Yankees fans sparking Camden Yards debate has brought out worst Orioles fans possible

Los Angeles Angels v Baltimore Orioles
Los Angeles Angels v Baltimore Orioles / Scott Taetsch/GettyImages

Get a load of these people. One division title, a couple of top prospects, and no championships since 1983, and the Baltimore Orioles think they're the new head honchos. Truth be told, they're a movie of the week -- a t-shirt, at best, as David Mills once said.

With the New York Yankees in Baltimore this week for a four-game set, the shenanigans have already begun. We'll be the first to say Yankees fans started it, but the rebuttals from Orioles fans have been downright laughable.

The Yankees were reminded of the change in Camden Yards' dimensions when Oswaldo Cabrera's 390-foot flyout to left field got fans upset. Three years ago, that's a game-tying home run in the ninth inning to breathe life back into a dead offense. In 2024, it's a lazy warning track fly ball.

The moment Yankees fans complained about the Orioles adjusting the dimensions to a legendary ballpark, Baltimore fans came out of the woodwork with the worst possible/least knowledgable comebacks of all time.

Also, are O's fans really pretending that the reconstruction wasn't an obvious ploy to prevent home runs from visiting teams? Let's not forget this was the worst team known to man from 2018-2021. Did we forget about the playoff-less years from 1998-2011? Or the overall failures from 2012-2017? Again, do you even know your own history?

The Orioles adjusted the left field wall at Camden Yards, moving it back 26.5 feet and making the wall SIX FEET TALLER in a move to, what, create a more aesthetically pleasing environment? No! It's hideous. It looks like a toddler attempted to play Tetris with life-sized objects. It was estimated that 50 fewer home runs would be hit per year at Camden Yards.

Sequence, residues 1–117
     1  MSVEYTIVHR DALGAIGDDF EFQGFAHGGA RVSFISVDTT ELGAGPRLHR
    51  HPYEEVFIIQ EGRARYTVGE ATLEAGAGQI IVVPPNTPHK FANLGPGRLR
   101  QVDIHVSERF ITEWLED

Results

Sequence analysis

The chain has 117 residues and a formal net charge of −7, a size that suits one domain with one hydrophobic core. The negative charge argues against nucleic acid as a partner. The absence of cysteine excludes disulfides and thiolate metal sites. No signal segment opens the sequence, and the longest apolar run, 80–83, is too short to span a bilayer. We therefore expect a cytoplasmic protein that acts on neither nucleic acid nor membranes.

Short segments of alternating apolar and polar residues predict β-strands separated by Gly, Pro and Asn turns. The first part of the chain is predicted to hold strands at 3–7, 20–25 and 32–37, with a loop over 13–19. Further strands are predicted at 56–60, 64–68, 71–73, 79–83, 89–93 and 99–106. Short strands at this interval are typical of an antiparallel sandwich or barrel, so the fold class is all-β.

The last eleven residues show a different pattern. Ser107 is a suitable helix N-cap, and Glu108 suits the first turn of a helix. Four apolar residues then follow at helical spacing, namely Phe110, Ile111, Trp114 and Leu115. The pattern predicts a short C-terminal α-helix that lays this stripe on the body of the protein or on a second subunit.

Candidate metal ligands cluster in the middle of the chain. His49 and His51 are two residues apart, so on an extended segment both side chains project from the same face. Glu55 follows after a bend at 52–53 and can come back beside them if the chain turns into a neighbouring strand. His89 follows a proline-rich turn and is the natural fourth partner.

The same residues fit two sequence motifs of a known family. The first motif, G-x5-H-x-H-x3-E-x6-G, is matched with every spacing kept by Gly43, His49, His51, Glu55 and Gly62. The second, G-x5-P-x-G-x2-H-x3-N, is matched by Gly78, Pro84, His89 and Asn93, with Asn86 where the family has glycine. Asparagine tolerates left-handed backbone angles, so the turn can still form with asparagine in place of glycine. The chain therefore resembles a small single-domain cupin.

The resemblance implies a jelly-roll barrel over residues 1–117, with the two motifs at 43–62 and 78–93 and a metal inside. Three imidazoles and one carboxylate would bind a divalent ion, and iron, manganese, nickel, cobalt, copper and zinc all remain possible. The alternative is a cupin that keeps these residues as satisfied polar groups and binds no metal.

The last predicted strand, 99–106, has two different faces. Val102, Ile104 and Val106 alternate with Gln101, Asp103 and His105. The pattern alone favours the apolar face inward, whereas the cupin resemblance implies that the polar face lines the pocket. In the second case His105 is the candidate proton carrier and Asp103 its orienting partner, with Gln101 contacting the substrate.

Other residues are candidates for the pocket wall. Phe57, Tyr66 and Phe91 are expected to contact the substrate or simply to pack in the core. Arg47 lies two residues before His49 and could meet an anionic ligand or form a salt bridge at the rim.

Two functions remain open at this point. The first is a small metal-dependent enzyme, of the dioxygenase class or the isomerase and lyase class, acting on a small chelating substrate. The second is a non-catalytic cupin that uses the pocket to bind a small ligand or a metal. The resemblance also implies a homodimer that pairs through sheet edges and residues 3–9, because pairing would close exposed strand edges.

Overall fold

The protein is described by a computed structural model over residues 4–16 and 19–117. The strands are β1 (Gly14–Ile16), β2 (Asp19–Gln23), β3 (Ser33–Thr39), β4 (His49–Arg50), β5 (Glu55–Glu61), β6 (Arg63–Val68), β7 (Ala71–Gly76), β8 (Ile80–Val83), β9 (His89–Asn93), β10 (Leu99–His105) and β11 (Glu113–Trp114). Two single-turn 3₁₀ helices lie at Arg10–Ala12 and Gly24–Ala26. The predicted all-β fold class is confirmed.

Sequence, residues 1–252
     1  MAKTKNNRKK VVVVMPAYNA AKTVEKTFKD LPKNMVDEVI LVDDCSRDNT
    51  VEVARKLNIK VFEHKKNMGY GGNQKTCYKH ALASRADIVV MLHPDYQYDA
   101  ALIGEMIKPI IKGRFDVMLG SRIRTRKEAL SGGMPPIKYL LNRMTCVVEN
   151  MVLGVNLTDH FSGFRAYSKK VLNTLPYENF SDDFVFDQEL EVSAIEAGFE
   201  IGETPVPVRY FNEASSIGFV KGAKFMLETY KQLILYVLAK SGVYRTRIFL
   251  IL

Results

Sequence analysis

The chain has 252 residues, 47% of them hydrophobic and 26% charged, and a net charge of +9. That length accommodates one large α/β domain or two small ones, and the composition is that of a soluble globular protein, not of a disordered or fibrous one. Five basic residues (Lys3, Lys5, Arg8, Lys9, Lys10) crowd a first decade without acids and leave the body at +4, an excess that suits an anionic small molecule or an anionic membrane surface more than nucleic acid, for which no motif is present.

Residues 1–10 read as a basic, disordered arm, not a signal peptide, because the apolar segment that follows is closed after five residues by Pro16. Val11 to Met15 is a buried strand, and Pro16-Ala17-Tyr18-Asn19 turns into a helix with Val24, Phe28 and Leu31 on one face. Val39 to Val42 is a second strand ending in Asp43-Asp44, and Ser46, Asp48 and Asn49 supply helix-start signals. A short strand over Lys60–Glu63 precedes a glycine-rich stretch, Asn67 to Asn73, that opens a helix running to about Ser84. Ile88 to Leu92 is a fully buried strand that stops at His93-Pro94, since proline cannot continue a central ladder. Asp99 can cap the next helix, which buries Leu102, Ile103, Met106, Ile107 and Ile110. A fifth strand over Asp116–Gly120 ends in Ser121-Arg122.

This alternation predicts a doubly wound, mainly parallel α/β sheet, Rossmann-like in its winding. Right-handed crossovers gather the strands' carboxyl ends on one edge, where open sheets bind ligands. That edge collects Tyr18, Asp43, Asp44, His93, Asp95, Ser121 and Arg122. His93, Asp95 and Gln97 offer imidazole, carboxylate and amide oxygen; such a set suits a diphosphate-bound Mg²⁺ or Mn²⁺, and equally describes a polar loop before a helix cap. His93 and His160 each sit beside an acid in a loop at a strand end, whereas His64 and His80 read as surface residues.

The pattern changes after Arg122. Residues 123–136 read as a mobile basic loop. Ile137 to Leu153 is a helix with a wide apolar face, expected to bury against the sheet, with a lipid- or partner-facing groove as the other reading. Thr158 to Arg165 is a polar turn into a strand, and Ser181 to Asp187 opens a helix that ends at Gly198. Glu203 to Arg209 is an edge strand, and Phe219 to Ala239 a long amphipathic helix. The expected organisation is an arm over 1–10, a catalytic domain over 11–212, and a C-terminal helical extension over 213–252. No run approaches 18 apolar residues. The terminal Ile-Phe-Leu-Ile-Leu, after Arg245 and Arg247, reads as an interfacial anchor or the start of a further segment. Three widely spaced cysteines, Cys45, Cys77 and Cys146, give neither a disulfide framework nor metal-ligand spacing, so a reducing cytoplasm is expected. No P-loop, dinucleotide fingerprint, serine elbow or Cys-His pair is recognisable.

So, yeah, it's probably time to stop complaining about it, and it's also time for Orioles fans to stop acting as if this slapdash attempt to prevent runs was an act of valor or stroke of architectural genius. And if you want to roast Yankees fans about it, this is how you don't do it.

Great find. Yankee Stadium, which was built in 1923, underwent a dimensions alteration from 1974-1975 to make the park more symmetrical. The 295-foot short porch was moved back while center field's 490-foot straightaway and left field's 350-foot wall were moved in, to make it all a bit more reasonable. That was also 50 years after its creation, as the game clearly evolved over a half-century to better define dimensions. The Orioles doing their nonsense within 30 years of Camden Yards existing was very much not that.

Also, did moving the supposed "short porch" backwards help the Yankees "take advantage of their hitting"? We'll wait.

Next up! Orioles fans who don't know math! We're sure there are more of 'em, too.

Again, you literally moved your wall back because you couldn't handle Gleyber Torres ruining your life 19 times per season. Who's the one coping here?

It gets better though. Rival fans have gone from making fun of the short porch for its advantageous distance from home plate to now claiming the Yankees demand 400+ feet for every homer hit. Figure out your argument.

And wait ... did anybody think of this?! How funny is this stock image of a LITTLE LEAGUE FIELD. Yes, this is where the Yankees demand to play the Orioles.

In the end, it's the Yankees fault for going 0-for-8 with runners in scoring position on Monday night. It's the Yankees' fault for not hitting a home run. It's the Yankees fans' fault for complaining about a dimension change from years ago that, in theory, didn't really have an impact on the game because the team already made its bed. And for the record, we do not care about the dimension changes. It's done, we've moved on.

But for goodness sake, Orioles fans, you simply have to do better than this. How can you even be insulted by this? At least laugh at how dumb moving the wall back was and how it's breaking opposing fans' brains.

Then again, you haven't had a seat at the big kid table in over 40 years, so we know it might take some time to adjust.